1) Wash all wood with a TSP solution, xylene or a strong solvent cleaner. We tend to use xylene as it seems to be the most effective means to removing human oils, waxes from cleaning and dirt and debris. Sometimes a mild scour pad helps. 2) Scuff Wood with a 220 grit sandpaper always with the grain, not against. and wipe clean with mineral spirits and allow to dry for a few minutes. 3) Look for Damaged Wood and areas where the finish is gone or the wood has changed color. Even minor nicks and dings need attention here. These areas will need to be cleaned with a wood brightener, sanded and cleaned to remove all oxidized and water damaged wood. 4) These areas need to be sealed with a sanding sealer, clear shellac or polyurethane. Which ever product was used previously is best to assure adhesion. If wood is very damaged further steps may need to be taken.

Staining – Have rags , mineral spirits, a water bucket for the used rags and an empty cut bucket near by to place your brush in when working with the stain.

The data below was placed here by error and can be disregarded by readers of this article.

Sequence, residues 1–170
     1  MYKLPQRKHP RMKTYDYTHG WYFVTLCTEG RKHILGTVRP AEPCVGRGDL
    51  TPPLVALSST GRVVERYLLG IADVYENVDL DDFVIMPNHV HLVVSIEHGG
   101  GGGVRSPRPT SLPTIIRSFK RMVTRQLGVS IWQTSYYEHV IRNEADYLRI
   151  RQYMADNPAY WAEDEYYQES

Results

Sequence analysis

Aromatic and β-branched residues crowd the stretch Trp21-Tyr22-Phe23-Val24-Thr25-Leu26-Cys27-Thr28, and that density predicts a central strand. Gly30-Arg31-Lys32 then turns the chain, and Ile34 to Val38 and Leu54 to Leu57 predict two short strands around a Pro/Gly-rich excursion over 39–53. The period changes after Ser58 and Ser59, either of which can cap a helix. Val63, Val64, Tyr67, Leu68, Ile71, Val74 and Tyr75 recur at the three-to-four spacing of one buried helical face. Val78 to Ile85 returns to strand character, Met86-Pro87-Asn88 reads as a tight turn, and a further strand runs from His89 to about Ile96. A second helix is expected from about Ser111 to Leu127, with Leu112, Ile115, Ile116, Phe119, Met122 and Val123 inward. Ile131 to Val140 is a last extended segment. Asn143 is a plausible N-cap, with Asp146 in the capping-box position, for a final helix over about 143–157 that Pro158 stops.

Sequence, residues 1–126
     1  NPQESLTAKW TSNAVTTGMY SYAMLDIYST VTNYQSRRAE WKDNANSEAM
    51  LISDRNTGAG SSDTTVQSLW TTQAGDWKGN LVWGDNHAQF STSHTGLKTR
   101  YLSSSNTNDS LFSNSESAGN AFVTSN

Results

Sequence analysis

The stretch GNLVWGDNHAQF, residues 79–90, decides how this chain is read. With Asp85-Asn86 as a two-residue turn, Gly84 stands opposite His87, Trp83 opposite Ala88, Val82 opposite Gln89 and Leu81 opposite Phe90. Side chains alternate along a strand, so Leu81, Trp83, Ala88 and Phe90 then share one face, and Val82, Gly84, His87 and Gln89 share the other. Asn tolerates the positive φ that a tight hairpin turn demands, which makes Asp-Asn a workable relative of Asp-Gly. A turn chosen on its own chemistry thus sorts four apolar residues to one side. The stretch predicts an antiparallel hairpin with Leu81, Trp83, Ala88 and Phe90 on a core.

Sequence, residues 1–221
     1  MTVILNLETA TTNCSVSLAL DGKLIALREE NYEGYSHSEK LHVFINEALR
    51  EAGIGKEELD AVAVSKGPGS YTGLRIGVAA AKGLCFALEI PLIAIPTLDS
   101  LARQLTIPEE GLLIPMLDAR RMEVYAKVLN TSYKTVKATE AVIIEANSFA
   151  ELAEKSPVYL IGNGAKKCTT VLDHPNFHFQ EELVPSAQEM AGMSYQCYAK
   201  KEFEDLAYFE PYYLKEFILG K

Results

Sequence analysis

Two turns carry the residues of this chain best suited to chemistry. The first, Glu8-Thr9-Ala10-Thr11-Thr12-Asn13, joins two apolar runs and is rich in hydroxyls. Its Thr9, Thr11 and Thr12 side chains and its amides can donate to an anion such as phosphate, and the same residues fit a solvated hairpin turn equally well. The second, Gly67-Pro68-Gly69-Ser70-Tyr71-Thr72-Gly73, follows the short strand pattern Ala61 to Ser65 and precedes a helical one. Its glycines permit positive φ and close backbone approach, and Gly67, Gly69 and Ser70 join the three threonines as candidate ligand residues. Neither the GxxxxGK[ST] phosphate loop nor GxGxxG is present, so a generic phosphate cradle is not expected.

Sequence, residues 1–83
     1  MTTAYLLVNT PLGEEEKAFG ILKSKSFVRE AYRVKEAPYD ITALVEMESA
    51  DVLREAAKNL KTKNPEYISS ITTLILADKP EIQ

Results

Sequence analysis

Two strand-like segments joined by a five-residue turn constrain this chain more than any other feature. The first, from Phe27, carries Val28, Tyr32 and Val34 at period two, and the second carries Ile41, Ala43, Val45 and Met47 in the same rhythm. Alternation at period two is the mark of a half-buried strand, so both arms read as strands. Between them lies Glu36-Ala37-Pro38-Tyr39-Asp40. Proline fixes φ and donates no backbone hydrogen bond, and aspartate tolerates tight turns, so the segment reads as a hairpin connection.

1) Practice – Using a very nice and soft ox hair brush or a china bristle brush is essential. Apply the gel stain in sections, while wiping adjacent areas with a clean rag. Keep in mind, the more coats applied the darker this material becomes. Work slowly and keep in mind lighter is better than darker as additional coats can be added. Let your sample/practice piece dry as to see the true final color. It is best to practice on something with the same type of millwork, corners, adjacent edges, ect. Practice some more and do not over apply. Practice some more. Wash brush very well with spirits changing the spirits three times during washing. After ample practicing…it’s time to start. If you are feeling nervous practice more.